An extremely rare Cape silver knife, with ivory handle and engraved on the blade "EHM from HOM". The hallmarks are extremely clear, pseudo - English duty mark and castle, with makers mark JML (mark 82 in Welz, Cape Silver). These are accompanied by another mark, some sort of device, unrecorded in Welz. The knife is very well made, good quality and a pleasing weight. The ivory handle shows good texture and a changing colour from dark to light. The knife is extremely rare, being the only known example recorded to date. The leading authority on Cape Silver Stephan Welz said "I have been unable to trace any Cape silver knives" (Cape Silver pg 73), and David Heller said "the only type of silver knife in use at the Cape seems to have been the butter knife (History of Cape Silver, pg 202). Johannes Lotter was part of the highly regarded Lotter family of Cape silversmiths, being the son of Willem and the brother of Carel.
A Russian silver Fiddle pattern tablespoon, with very clear hallmarks, including town mark for Tallinn (now Estonia). The town mark is a shield containing 3 lions, and was used between 1842 and 1920 (Watts, Russian Silversmiths Hallmarks). The assay masters mark is very clear (YaN), the mark is recorded by Watts but unknown (pg 89). The makers mark CRH (Rubert Hermann) is very clear, he also worked in Tartu. The spoon has scripted initials "G et WP" on the front, and "H&TJ" on the back next to the hallmarks.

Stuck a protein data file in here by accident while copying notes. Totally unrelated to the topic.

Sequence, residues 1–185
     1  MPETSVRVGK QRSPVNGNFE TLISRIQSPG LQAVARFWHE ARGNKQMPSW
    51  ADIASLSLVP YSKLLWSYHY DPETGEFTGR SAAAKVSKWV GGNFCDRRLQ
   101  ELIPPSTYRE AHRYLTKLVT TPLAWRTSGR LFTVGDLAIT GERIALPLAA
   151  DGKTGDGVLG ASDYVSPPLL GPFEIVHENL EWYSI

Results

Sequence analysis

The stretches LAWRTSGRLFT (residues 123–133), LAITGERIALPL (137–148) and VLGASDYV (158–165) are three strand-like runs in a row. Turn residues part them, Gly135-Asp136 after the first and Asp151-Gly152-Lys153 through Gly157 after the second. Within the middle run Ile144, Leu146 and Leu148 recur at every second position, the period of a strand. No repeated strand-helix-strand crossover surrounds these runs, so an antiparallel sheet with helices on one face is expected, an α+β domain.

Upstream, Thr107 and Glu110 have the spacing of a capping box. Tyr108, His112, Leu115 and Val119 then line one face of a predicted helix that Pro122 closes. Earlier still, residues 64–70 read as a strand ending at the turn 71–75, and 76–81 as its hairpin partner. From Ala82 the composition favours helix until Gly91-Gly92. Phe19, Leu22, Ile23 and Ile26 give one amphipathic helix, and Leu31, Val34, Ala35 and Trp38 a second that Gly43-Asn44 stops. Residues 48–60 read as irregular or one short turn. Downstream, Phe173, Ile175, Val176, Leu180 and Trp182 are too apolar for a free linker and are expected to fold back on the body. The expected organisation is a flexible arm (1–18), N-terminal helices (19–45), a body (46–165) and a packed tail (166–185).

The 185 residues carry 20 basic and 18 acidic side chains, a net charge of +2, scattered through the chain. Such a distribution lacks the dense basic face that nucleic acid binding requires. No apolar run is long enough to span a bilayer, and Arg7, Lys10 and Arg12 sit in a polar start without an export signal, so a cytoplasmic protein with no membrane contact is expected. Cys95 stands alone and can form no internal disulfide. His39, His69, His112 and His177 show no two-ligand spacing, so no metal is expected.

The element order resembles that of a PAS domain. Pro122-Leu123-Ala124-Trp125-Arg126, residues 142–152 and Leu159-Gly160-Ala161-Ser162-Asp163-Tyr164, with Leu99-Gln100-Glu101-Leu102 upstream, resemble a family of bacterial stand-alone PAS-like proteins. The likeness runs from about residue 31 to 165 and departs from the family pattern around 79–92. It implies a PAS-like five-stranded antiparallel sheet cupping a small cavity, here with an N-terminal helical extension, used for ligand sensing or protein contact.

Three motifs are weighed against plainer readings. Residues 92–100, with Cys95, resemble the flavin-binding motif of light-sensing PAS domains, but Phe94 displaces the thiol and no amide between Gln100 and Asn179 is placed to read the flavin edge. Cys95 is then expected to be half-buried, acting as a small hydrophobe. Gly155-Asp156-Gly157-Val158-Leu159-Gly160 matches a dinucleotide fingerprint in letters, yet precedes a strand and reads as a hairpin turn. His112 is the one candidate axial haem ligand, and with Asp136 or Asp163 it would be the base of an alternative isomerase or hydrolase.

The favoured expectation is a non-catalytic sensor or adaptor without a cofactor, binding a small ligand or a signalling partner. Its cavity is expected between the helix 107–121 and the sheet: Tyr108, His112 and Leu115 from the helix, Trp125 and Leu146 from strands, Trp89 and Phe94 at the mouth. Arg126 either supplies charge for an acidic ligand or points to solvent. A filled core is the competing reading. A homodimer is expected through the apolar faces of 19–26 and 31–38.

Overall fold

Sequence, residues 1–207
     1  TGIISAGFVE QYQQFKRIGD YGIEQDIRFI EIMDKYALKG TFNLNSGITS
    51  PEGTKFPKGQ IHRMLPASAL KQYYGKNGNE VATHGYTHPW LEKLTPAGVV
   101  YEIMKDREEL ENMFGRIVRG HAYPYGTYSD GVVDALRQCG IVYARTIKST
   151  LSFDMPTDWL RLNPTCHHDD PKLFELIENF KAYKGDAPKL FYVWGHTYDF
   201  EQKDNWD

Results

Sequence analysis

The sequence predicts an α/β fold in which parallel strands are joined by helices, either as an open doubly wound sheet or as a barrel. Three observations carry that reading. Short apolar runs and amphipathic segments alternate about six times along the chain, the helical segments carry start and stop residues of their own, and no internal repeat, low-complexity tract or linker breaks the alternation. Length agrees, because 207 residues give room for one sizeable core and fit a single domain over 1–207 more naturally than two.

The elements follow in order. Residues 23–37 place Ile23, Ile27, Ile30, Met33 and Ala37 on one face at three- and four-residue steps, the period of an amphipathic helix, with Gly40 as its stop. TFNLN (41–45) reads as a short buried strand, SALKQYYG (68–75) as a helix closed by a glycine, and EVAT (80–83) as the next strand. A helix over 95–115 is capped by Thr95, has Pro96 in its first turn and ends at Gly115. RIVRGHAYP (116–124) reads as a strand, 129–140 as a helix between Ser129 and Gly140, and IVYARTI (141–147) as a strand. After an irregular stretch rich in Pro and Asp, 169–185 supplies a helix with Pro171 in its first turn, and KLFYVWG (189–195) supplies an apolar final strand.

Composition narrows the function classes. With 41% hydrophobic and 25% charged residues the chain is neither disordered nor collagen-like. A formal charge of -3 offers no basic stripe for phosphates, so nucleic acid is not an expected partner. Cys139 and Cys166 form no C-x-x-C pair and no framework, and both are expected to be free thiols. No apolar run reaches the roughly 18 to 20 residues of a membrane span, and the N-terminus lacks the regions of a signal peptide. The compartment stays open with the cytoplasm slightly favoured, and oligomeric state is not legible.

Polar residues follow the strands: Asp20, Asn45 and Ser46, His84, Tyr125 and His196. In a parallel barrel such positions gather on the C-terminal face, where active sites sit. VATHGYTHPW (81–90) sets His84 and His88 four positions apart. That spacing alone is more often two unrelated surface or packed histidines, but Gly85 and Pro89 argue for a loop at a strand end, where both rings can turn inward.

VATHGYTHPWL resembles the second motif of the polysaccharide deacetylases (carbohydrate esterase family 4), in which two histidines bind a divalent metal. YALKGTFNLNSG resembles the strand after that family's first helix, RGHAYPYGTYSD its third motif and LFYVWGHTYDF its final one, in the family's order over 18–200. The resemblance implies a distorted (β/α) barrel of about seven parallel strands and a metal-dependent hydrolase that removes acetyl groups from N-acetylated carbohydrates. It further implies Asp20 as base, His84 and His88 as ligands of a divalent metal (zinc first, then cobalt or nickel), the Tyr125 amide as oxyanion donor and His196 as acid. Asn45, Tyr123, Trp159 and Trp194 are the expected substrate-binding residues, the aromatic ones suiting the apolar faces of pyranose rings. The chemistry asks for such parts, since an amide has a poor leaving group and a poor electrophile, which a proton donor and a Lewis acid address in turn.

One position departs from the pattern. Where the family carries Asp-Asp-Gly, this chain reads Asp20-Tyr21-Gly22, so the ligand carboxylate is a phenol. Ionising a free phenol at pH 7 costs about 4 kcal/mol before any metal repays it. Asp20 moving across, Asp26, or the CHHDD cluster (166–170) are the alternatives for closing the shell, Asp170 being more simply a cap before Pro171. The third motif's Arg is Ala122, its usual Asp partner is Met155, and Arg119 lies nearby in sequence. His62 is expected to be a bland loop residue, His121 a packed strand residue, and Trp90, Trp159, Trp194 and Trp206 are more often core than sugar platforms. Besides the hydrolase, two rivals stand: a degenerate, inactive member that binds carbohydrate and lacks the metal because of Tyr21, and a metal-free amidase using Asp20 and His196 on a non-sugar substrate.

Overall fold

A set of 3 Fiddle pattern Cape silver tablespoons, which are notable for their strong colonial feel, being slightly crude in nature, and with hand hammered stems. Each spoon is slightly different, clearly each spoon was made by hand, probably in primitive conditions. The drops are also crude, and have an amateurish feel, perhaps these were made by a novice apprentice?
All 3 spoons have pseudo hallmarks, date letter a, date letter B and duty head, with no makers mark. The shape of the outline of date letter B is notched on both sides, making it very distinctive - hence our attribution to Peter Clarke Daniel (mark 41, Cape Silver by Welz). Mark 41 has the 2 dateletters (a and B) together, with the duty mark - given the outline and accurrance we are pretty certain the same punches were used, but perhaps not by Peter Daniel himself. Further research is required, as we know Cape silversmiths occasionally interchanged punches amongst one another.